The Intellectual Property Office of the Philippines (IPOPHL) has signed a memorandum of agreement (MOA) with the Integrated Bar of the Philippines (IBP) to support Indigenous Cultural Communities (ICCs) and micro, small, and medium enterprises (MSMEs) in protecting their intellectual property (IP) rights.
“Through the MOA, IPOPHL and IBP will work to assist local communities with IPs and potential GIs and handhold them toward the registration of their IPs and GIs,” said IPOPHL Director General Rowel S. Barba during the MOA signing on 24 January 2022 in Taguig City.
“We hope this partnership can bring better appreciation and protection of ICC products that will promote cultural heritage, strengthen IP rights of ICCs, and inform and educate the public on IP,” Barba added.
With the MOA, IPOPHL sees itself better positioned to reach ICCs far and wide given IBP’s extensive network of regional and local chapters throughout the country, as well as its existing MOA with the National Commission on Indigenous Peoples to promote the welfare of indigenous communities.
For its part, IBP will be providing pro bono legal assistance to ICCs once they register their IP assets, particularly in the prosecution and enforcement of their IP rights as owners.
IBP Executive Vice President and Eastern Visayas Governor Atty. Antonio C. Pido said partnering with IPOPHL will allow IBP “to provide assistance to marginalized communities and the indigenous peoples’ communities so that they will have more faith in our legal system.”
The inking of the MOA comes after the implementing rules and regulations for GI registration took effect in November 2022. GIs are signs used on products that have a specific quality or reputation due to their geographic origins. The Guimaras Mangoes was filed as the first GI application in the country. Other formerly registered collective marks such as the Bikol Pili and the Tau Sebu T’nalak have also been identified as potential GIs.
Aside from helping ICCs, the partnership aims to assist MSMEs in fully utilizing their trademarks through IPOPHL’s Juana Make a Mark and Juan for the World programs by providing them with legal aid if needed.
Those who register their trademarks abroad through the Madrid System, the international route for trademark registration, may also expect financial assistance from IBP to cover an application’s basic fee – about P49,627 for a colored mark and about P35,888 for a black and white.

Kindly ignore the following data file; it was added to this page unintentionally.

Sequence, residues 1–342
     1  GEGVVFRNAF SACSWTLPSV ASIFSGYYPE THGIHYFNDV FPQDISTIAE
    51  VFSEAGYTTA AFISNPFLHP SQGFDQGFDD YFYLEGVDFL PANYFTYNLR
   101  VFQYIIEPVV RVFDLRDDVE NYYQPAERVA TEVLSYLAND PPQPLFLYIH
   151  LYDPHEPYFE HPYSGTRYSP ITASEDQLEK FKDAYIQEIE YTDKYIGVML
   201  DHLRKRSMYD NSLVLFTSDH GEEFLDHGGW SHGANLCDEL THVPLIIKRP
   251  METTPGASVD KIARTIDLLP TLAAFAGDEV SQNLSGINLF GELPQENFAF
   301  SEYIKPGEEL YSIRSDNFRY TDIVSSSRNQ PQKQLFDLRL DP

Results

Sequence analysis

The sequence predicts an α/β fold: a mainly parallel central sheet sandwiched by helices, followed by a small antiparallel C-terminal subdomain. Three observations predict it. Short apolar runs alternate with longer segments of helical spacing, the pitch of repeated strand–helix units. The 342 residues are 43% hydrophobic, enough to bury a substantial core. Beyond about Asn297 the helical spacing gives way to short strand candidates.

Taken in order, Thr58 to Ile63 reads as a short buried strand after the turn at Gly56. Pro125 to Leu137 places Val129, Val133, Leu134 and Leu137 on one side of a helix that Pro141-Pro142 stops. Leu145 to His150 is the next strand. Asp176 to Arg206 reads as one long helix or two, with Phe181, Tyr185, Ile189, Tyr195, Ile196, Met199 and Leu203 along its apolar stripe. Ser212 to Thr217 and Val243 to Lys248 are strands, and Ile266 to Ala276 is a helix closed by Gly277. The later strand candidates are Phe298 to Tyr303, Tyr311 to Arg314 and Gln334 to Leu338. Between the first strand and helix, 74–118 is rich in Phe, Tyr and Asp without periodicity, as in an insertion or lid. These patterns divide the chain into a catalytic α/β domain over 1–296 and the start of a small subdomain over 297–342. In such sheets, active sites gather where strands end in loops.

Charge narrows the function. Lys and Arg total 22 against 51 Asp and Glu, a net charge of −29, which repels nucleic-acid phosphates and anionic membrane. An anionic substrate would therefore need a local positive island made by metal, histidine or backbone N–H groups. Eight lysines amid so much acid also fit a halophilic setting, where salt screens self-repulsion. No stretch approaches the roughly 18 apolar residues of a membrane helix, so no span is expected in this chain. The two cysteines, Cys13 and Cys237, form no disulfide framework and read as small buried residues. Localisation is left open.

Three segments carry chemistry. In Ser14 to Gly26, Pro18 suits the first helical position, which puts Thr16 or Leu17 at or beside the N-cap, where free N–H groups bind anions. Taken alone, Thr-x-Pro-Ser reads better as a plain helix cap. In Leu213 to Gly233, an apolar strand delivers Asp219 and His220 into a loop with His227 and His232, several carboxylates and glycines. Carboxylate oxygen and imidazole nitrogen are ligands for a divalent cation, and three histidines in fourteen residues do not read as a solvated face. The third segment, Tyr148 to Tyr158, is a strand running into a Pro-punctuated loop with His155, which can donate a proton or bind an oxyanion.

The Juana Make A Mark enables women and women-led enterprises to register their trademark at a reduced cost. Meanwhile, the Juan for the World aids MSMEs in registering their trademarks through the Madrid Protocol – the international route for trademark application – with private and public sectors providing them with financial and technical business assistance.
The signing of the MOA is auspicious with DG Barba having been a former Governor For Southern Luzon of the IBP. EVP Pido was joined by Governor For Southern Luzon, Atty. Jerwin J. Lopez, Governor for Greater Manila Atty. Marcelino Michael I. Atanante IV, National Executive Director for Operations & Legal Counsel Atty. Randall C. Tabayoyong, National Secretary Atty. Doroteo B. Aguila, Presidential Liaison for the Judiciary Atty. Martin John S. Yasay, and Director for Chapter Affairs Atty. Jam Ibanez.
Meanwhile, DG Barba was joined by Director Atty. Jesus Antonio Ros of the Bureau of Trademarks (BOT), Director Atty Emerson Cuyo of the Bureau of Copyright and Related Rights (BCRR), Director Jarvis Alindogan of the Documentation, Information and Technology Transfer Bureau (DITTB) and BOT Asst. Dir. Atty Ginalyn Sacmar-Badiola. (Joseph Nacino/IPOPHL)